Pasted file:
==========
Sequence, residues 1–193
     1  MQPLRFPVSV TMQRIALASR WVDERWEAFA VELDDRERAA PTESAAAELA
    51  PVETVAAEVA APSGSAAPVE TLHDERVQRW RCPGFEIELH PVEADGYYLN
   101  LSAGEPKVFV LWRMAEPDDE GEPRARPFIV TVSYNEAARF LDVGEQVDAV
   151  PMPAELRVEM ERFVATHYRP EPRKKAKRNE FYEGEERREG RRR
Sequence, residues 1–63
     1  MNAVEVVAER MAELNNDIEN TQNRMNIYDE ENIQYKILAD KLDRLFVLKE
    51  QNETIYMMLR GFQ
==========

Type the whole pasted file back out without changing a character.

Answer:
Sequence, residues 1–193
     1  MQPLRFPVSV TMQRIALASR WVDERWEAFA VELDDRERAA PTESAAAELA
    51  PVETVAAEVA APSGSAAPVE TLHDERVQRW RCPGFEIELH PVEADGYYLN
   101  LSAGEPKVFV LWRMAEPDDE GEPRARPFIV TVSYNEAARF LDVGEQVDAV
   151  PMPAELRVEM ERFVATHYRP EPRKKAKRNE FYEGEERREG RRR
Sequence, residues 1–63
     1  MNAVEVVAER MAELNNDIEN TQNRMNIYDE ENIQYKILAD KLDRLFVLKE
    51  QNETIYMMLR GFQ